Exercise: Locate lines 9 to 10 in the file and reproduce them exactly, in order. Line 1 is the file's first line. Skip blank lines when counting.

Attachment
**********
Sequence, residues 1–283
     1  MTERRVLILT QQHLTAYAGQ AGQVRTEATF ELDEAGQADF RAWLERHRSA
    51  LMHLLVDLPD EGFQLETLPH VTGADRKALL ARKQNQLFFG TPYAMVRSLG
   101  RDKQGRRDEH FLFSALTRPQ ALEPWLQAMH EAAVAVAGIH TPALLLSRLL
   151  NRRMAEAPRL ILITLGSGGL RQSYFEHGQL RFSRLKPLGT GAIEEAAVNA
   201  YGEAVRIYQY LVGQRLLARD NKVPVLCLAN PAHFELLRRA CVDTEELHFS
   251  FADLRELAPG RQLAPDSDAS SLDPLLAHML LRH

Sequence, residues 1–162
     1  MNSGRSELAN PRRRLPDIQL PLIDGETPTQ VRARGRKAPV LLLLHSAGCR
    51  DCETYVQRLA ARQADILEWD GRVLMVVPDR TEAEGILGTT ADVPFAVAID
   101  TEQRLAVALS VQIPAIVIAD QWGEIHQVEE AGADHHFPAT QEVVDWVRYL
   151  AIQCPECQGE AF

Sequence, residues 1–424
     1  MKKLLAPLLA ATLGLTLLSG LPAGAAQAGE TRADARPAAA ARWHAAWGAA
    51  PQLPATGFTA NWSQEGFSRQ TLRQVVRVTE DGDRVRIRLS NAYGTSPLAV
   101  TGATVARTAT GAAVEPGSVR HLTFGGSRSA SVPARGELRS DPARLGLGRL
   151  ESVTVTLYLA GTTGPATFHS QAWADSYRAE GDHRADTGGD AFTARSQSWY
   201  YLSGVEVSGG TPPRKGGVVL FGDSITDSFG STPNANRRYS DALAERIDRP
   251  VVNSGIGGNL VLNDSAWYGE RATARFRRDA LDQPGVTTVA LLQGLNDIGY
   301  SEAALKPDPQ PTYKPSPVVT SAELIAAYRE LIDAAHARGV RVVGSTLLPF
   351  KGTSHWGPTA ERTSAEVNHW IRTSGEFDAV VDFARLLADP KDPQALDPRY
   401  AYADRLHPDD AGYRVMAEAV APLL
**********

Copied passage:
     1  MNSGRSELAN PRRRLPDIQL PLIDGETPTQ VRARGRKAPV LLLLHSAGCR
    51  DCETYVQRLA ARQADILEWD GRVLMVVPDR TEAEGILGTT ADVPFAVAID